Paper and cotton have their flaws like resource-intensive production; nonetheless they have a significant advantage over plastic. They are biodegradable and in most cases can be easily composted into soil. As a comparison, even the biodegradable plastic does not biodegrade fully, and it takes hundreds of years.

Food business owners should consider an alternative to takeaway plastic packaging.

The paper production has already addressed some of the issues. It includes modifications in the harvesting and the production process. For example, paper from FSC certified sources meets the requirements of sustainability and circular economy. It is endorsed by all the major environmental organizations, including WWF, Greenpeace and The Woodland Trust.

FSC certification means that the factors like circular economy, plants, animals and local communities are taken into consideration

Why is it so important? Very often, if we don’t look at different aspects altogether, we tend to create a new problem while solving the other. Irresponsible deforestation leads to considerable damage to the local communities and the ecosystem, such as erosion of the ground, air pollution, respiratory infections and food shortage in the area.

Cotton has the benefit of being durable, but the production is resource-intensive and often includes the usage of dangerous chemicals. Still, a tote bag used for your shopping or your takeaway food is less harmful to the environment than the plastic one, as long as you remember to reuse multiple times.

All the single-use products have their challenges and environmental cost, hence the need for better recycling schemes.

Wheat Bran Tableware and Hay Straws

There are also new solutions like wheat bran or hay. Unlike cotton or paper, the production process isn’t resource-intensive and doesn’t involve chemicals.

A great alternative to plastic plates are those made of wheat bran, produced by the Polish company Biotrem.

Wheat bran is the new shining star of the innovative trends in the takeaway and catering services. It is hard to find a product more sustainable and environmentally friendly. They are biodegradable, the production itself is environmentally friendly, and they can be produced from a by-product of the grains used in mills. No chemicals are used to make the plates and bowls.  Biotrem was the leading company to introduce the wheat bran based cutlery and tableware. The only ingredients in the company’s plates and bowls are wheat bran and water, which are fused using high temperatures and by applying high pressure.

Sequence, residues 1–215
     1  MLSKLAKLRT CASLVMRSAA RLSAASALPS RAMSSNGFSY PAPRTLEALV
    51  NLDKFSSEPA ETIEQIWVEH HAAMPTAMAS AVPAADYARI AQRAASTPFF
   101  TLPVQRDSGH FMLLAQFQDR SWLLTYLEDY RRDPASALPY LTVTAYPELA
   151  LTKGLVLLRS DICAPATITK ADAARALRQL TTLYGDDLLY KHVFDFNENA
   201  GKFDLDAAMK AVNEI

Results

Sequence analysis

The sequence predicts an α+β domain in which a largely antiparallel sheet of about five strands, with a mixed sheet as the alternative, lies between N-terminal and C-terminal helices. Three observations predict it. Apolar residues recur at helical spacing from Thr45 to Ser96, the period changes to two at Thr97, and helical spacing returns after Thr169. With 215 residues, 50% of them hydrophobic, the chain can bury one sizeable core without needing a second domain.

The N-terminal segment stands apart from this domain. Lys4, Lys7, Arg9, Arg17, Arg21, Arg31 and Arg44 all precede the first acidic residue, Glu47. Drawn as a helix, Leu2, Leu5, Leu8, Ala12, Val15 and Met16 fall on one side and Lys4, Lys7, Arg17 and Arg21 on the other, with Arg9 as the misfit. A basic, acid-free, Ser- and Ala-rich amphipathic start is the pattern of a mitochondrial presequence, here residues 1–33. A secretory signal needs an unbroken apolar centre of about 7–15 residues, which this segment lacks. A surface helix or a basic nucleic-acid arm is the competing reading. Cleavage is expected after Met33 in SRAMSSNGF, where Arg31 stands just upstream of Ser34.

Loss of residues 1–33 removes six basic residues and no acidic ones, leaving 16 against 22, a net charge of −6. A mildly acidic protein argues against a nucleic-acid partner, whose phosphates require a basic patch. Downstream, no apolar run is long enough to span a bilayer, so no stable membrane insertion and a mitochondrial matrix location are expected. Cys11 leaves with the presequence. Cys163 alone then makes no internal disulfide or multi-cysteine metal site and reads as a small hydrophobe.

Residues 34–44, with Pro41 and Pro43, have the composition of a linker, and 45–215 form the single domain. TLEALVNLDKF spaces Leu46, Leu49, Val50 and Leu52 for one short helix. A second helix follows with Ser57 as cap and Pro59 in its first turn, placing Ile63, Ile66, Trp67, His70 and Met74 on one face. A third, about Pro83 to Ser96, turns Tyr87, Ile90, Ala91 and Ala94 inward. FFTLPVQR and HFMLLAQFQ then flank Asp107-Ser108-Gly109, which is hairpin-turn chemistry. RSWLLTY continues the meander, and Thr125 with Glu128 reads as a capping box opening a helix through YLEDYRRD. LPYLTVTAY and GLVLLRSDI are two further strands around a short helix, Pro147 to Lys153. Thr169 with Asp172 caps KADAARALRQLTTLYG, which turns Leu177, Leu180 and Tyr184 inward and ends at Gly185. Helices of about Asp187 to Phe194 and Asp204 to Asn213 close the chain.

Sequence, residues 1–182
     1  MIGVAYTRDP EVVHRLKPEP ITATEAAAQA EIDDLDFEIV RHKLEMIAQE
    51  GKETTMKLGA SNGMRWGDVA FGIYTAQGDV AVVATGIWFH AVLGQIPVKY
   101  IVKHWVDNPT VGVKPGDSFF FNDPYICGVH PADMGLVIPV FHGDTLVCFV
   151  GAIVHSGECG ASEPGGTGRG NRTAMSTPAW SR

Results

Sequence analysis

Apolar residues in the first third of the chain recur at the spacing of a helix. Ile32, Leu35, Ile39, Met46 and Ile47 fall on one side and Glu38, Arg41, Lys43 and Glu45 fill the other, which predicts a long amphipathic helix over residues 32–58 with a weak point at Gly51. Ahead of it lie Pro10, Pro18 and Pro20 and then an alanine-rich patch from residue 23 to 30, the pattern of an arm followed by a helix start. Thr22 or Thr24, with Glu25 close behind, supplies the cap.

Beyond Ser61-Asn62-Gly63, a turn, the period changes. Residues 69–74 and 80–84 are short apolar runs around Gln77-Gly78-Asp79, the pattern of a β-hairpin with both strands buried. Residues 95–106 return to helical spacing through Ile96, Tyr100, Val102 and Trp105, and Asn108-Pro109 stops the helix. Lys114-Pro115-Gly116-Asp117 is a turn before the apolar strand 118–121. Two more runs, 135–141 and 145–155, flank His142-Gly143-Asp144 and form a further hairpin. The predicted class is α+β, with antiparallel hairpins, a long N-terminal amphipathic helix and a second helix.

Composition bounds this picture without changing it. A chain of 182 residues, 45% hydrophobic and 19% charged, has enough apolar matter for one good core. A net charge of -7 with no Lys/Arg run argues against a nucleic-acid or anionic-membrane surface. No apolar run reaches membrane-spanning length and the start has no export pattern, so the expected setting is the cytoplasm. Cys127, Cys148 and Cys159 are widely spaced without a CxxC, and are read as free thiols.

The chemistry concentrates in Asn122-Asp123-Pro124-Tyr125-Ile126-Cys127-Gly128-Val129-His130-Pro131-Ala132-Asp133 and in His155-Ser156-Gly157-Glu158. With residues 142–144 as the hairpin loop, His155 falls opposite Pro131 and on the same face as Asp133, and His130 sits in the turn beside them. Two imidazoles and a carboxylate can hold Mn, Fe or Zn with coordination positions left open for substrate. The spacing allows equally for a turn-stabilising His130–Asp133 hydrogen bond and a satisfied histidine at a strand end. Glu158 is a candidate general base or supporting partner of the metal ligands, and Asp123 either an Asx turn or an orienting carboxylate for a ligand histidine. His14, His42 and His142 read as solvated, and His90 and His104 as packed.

Another interesting example is straws made from hay. Genius and simple at once. They have several advantages over steel and paper alternatives. They are cheaper than steel, don’t need cleaning and more durable than the paper alternative. Furthermore, they are natural and fully biodegradable.

Natural straws are durable, completely biodegradable and they are a great substitute for plastic versions.

Following the new trends and taking a stand on the topic of sustainability and the environment is vital for you and your consumers. 

As a business owner, you shouldn’t underestimate the increasing environmental sustainability awareness and a new wave of consumers, who are willing to pay more for a product which is organic and environmentally friendly.

Being able to communicate that your packaging is environmentally friendly has growing value for your company. Phrases like organic, sustainable, environmentally friendly are compelling selling points.

At Fastpack, we have been at the forefront of this movement, because we see the potential of paper food packaging and wheat bran tableware. We have seen the effect of the food packaging on the company’s branding and customer’s dining experience. For years we have been an advocate for replacing plastic with paper. Paper boxes, bags and wrapping paper are not only more environmentally friendly than plastic but also serve a better aesthetic experience and have outstanding functionality. We have promoted and served as a distributor of wheat bran cutlery, tableware and cups, and recently we added hay straws, and we look forward to the new changes in the food industry.


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Anna Wolthers